In The Upside Down Boy - El niño de cabeza, United States Poet Laureate Juan Felipe Herrera tells the story, in verse, of a pivotal time in his childhood when his mother and father moved their family to the city so that he could attend school. He tells the story of how his third grade teacher, Mrs. Sampson, invited him to the front of the class to sing a song. He sang “Three Blind Mice” and Mrs. Sampson told him “You have a very beautiful voice”. The book is dedicated to Mrs. Lucille Sampson, Herrera’s third grade teacher, who, at age 95, was present at the Library of Congress when Herrera was inaugurated as the United States Poet Laureate in 2015. You can hear Herrera tell this story in front of an audience at the Kansas City Public Library on New Letters On the Air.
Juan Felipe Herrera’s Portraits of Hispanic American Heroes
is a Pura Belpré
author honor book.
While working in the chapter books collection of the Children’s Room, B.U.G (Big Ugly Guy), a middle grade chapter book by Jane Yolen and Adam Stemple, caught my attention. Sammy Greenburg gets bullied (a lot) because he stands up for other kids. When a new 6th grader, John “Skink” Skinner, comes to Sammy's aid, they are fast friends - in part because both are musicians and they both love words. Sammy plays clarinet and Skink plays guitar. Sammy introduces his friend to klezmer music and they aspire to start a band with their friend Julia on violin. The plot thickens when Sammy decides to make a golem, the mythical, hulking, protecting colossus of Jewish folklore, out of his father’s pottery clay. And, of course, that’s how they get a drummer for their nascent klez/punk band. It’s pretty cool to find a middle-grade novel with references to The Klezmatics and even a brief explication of some klez scale patterns. There are inevitable problems when building your own golem to vanquish school yard bullies. You’ll have to read the book to find out how it ends.
Olinguito, from A to Z! by Lulu Delacre is an award winning alphabet book written in both Spanish and English. It takes the reader on a journey accompanying an intrepid zoologist searching out the elusive olinguito. An olinguito is a mammal recently discovered to be a separate species. Related to the raccoon, olinguitos live exclusively in the cloud forests of Ecuador.
This beautifully illustrated volume features the many plants and animals who call the cloud forest their home. It also includes the author's notes about the real discovery of the olinguito, as well as additional information about the cloud forest, how the illustrations came to be, on being an explorer, and a glossary of the various cloud forest plants and animals(with their Spanish pronunciations).As an added bonus, there is a built-in puzzle/game that will have younger readers going back to play more than once.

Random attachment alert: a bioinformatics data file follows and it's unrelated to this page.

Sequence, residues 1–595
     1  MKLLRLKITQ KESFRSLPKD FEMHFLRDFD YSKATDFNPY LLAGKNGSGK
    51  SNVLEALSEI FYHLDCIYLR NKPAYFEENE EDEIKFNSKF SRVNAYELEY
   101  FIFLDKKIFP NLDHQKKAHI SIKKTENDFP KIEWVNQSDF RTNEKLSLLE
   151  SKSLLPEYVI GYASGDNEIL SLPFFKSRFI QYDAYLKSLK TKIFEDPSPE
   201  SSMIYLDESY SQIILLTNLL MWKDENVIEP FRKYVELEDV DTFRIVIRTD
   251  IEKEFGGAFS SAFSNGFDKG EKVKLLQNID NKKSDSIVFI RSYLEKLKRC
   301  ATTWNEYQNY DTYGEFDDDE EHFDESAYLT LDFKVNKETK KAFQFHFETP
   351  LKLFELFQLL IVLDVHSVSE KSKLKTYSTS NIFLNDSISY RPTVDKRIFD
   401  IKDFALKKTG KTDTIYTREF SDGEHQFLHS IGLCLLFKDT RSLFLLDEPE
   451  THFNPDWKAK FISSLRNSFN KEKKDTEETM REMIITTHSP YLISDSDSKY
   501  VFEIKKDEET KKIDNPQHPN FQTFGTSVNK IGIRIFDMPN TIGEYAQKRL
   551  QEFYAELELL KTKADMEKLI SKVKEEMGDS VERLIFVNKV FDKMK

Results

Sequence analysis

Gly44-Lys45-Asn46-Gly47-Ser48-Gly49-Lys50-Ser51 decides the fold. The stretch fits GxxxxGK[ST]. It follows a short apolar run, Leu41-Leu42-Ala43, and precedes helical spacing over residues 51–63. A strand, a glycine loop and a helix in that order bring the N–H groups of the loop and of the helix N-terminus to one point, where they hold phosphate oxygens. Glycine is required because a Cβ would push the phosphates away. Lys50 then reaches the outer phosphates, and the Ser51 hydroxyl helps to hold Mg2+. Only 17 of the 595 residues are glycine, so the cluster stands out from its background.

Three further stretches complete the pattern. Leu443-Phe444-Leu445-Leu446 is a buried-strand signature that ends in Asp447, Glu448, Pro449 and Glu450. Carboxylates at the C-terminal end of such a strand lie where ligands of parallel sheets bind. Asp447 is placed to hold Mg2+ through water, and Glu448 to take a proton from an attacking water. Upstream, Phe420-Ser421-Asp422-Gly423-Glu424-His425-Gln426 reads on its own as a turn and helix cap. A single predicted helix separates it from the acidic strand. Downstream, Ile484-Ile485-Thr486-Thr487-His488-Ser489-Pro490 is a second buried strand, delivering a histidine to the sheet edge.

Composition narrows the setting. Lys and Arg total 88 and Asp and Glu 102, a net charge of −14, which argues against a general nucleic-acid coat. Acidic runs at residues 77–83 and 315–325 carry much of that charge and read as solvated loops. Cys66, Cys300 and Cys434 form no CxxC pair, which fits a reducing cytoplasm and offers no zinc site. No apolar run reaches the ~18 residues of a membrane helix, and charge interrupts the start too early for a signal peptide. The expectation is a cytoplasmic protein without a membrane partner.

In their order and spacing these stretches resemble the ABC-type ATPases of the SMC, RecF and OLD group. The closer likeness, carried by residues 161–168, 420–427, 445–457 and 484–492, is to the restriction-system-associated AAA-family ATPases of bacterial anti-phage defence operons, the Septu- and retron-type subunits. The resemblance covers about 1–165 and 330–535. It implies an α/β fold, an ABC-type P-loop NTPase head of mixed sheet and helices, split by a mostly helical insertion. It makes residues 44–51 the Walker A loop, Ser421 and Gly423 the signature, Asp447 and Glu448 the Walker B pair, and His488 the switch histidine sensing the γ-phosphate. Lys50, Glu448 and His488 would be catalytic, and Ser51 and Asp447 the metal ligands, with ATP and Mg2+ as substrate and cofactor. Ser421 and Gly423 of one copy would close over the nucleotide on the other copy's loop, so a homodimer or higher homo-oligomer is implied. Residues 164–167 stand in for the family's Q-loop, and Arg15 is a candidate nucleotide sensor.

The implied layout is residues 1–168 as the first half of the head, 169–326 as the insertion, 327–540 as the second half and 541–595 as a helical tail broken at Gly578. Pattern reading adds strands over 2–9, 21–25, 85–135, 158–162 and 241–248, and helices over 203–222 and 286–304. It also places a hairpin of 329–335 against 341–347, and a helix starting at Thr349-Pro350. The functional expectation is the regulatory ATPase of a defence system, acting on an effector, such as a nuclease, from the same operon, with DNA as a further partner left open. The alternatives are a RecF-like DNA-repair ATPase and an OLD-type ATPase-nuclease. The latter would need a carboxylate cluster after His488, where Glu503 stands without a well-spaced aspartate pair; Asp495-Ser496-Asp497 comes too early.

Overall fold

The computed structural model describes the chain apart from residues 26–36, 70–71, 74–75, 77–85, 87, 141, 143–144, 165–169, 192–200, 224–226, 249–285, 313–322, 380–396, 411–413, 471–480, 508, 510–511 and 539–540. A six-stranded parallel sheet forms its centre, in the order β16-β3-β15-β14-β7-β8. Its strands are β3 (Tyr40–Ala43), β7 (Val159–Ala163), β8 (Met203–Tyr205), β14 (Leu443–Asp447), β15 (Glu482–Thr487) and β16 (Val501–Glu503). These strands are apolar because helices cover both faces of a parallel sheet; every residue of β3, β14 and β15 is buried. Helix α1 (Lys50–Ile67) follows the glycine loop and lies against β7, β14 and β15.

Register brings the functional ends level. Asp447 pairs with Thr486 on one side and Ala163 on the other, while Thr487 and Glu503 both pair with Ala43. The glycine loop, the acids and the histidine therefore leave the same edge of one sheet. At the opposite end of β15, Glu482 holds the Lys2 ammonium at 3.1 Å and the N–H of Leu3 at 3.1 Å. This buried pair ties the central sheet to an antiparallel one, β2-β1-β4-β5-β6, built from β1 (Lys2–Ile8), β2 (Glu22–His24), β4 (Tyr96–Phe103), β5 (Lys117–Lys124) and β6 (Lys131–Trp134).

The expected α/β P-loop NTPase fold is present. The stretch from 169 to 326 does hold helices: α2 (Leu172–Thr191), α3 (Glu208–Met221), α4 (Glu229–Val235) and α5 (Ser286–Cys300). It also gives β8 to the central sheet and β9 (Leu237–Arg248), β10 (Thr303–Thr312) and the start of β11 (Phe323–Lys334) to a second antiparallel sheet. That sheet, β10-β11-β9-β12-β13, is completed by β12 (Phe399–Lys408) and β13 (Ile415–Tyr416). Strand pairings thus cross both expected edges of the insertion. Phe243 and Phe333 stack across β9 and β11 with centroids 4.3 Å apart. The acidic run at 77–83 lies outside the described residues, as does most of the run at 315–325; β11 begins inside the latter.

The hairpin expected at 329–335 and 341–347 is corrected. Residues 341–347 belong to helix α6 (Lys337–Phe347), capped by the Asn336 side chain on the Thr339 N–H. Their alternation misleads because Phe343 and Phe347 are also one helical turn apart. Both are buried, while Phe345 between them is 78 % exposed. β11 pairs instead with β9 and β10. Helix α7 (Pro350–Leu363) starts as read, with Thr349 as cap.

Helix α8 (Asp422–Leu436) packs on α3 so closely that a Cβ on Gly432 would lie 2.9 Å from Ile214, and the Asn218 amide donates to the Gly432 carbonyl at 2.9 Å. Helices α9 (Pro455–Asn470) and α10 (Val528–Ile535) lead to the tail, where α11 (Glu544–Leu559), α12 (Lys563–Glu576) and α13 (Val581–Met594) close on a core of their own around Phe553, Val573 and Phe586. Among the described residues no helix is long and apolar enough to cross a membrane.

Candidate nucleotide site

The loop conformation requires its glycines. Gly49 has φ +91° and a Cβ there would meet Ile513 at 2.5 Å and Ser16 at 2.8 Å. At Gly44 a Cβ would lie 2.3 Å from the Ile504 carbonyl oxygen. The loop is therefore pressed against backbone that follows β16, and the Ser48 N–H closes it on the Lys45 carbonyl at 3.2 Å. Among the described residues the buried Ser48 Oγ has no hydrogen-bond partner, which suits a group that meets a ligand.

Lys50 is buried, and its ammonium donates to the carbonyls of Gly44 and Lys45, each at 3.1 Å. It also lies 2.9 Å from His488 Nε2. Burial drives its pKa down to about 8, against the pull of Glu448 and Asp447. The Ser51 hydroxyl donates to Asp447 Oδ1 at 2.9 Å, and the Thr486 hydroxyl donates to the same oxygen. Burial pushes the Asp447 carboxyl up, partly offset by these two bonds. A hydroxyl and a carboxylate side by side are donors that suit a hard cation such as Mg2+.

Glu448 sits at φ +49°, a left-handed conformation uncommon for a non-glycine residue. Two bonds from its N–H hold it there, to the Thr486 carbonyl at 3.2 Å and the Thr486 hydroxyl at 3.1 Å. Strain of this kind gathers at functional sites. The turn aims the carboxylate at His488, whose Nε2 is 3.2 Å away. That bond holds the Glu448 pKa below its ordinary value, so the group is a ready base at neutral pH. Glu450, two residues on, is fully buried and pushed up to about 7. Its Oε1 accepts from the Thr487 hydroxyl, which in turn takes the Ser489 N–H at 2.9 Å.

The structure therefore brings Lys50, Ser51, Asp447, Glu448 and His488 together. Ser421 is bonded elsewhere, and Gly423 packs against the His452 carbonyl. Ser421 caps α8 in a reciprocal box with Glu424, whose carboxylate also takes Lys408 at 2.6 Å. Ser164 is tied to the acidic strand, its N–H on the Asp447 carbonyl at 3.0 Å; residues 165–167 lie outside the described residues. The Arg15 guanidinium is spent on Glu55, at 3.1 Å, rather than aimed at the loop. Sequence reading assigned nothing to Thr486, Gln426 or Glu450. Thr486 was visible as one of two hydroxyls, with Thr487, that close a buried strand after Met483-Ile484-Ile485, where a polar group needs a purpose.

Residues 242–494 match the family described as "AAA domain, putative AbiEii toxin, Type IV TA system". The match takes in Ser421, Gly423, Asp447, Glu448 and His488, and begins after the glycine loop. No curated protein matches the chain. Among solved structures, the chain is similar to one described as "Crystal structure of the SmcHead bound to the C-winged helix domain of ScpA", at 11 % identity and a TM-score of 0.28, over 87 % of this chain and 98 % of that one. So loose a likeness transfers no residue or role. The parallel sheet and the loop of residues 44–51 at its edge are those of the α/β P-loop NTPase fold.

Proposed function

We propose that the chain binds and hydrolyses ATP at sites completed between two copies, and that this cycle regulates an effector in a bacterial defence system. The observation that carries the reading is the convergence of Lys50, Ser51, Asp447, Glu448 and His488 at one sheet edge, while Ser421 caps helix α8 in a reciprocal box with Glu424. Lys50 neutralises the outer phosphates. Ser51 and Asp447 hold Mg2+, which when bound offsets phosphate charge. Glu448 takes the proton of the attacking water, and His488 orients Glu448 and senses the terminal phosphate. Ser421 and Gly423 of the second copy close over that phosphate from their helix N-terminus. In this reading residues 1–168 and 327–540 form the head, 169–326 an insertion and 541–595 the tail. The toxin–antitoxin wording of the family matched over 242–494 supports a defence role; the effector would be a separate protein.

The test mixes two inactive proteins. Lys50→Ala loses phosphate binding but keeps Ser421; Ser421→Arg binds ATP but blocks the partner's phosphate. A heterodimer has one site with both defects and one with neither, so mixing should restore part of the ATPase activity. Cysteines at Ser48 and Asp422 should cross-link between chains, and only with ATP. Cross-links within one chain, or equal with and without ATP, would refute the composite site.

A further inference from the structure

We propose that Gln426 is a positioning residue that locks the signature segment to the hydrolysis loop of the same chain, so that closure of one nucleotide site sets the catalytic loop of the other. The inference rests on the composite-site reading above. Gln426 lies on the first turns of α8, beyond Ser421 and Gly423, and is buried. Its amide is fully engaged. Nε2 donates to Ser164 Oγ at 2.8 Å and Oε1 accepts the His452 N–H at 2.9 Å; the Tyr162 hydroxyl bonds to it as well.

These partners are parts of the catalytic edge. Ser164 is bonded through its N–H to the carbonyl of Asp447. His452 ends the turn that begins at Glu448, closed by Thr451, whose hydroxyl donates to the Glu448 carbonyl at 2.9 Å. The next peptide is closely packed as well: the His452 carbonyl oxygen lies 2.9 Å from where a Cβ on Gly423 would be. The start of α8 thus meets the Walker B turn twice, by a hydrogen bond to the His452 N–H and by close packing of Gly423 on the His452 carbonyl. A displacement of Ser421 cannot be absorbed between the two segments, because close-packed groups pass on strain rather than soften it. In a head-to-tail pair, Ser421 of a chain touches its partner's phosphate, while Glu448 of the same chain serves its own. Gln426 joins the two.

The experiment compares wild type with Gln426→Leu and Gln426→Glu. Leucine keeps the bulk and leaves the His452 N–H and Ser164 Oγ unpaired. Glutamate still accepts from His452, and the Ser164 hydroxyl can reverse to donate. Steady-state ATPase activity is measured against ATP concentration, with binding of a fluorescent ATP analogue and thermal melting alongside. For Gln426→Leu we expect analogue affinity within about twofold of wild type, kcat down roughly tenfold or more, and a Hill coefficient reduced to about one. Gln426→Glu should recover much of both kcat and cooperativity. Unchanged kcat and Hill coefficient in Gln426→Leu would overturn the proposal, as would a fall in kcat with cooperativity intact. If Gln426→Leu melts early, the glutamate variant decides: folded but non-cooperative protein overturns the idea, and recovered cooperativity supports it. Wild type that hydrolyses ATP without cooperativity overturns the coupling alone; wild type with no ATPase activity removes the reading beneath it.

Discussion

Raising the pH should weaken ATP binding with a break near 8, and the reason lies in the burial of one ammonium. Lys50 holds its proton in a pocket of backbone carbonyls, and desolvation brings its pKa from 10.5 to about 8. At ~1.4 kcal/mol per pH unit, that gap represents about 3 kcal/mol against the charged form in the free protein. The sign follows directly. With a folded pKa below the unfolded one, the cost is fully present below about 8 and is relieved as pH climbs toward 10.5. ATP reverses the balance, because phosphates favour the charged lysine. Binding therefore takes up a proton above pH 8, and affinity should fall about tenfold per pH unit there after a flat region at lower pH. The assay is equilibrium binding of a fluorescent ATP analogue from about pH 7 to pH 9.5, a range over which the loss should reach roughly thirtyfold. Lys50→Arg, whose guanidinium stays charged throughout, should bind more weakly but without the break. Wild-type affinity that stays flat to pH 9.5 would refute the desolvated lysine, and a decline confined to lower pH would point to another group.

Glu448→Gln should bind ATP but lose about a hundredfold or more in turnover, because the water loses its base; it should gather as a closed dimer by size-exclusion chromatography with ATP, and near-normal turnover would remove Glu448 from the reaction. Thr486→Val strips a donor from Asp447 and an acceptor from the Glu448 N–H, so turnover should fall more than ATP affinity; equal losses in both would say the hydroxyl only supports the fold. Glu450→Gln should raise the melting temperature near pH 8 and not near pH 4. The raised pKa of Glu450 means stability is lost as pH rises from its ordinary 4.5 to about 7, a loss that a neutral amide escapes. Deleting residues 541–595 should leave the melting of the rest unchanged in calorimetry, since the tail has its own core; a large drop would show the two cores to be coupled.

Very creative and truly Magnifico!
What did you have for breakfast this morning? What is usually on your breakfast menu? I bet you are not having dried ants to taste, ¾ pound small oily fish or 1 teaspoon ground cuttlefish bone. But a gorilla will have the ants, a flamingo chick will have the oily fish and a snail will have the cuttlefish bone mixed in his snail trail mix. If this sounds interesting, then you will want to read Worms For Breakfast: How to Feed A Zoo. It is full of information and recipes for feeding all the zoo animals. Feeding time at the zoo is always one of the most popular events and this book is a cookbook for the animals. There are recipes for Predator Popsicles, Presto Pesto Sauce – Koala Style and Elephant-slimming Fruit Fandango. Worms For Breakfast is packed with facts about animal nutrition and feeding them. It also includes how the animals hunt and eat in the wild and how the zoo feeds them so they feel as though they are in the wild hunting for their own food.
The author answers questions about what and how much each animal eats, who cooks and serves the food (a zoo nutritionist) and what does the grocery shopping list look like. There is so much fun information in this book. The photographs and illustrations will keep families busy reading and looking at this book over and over again.
This book really is fun – oh by the way I had an English muffin with peanut butter for breakfast today – hold the ants!
You can never go wrong with a children's book that rhymes. You can go far with a children's book that promotes STEM. Ada Twist, Scientist is the newest creation by the authors of Rosie Revere, Engineer and Iggy Peck, Architect. A must read for inspiring the young and encouraging the curious mind.
- 9/12/2016 04:06:59 PM, by Kala
- Topics: Kids